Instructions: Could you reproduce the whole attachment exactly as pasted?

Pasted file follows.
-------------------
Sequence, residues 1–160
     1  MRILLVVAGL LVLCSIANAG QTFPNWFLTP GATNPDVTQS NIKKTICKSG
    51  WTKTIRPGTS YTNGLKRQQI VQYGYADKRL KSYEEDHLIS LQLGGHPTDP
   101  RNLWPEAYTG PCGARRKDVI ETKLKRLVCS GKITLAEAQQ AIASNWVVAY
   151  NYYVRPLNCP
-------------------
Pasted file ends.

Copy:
Sequence, residues 1–160
     1  MRILLVVAGL LVLCSIANAG QTFPNWFLTP GATNPDVTQS NIKKTICKSG
    51  WTKTIRPGTS YTNGLKRQQI VQYGYADKRL KSYEEDHLIS LQLGGHPTDP
   101  RNLWPEAYTG PCGARRKDVI ETKLKRLVCS GKITLAEAQQ AIASNWVVAY
   151  NYYVRPLNCP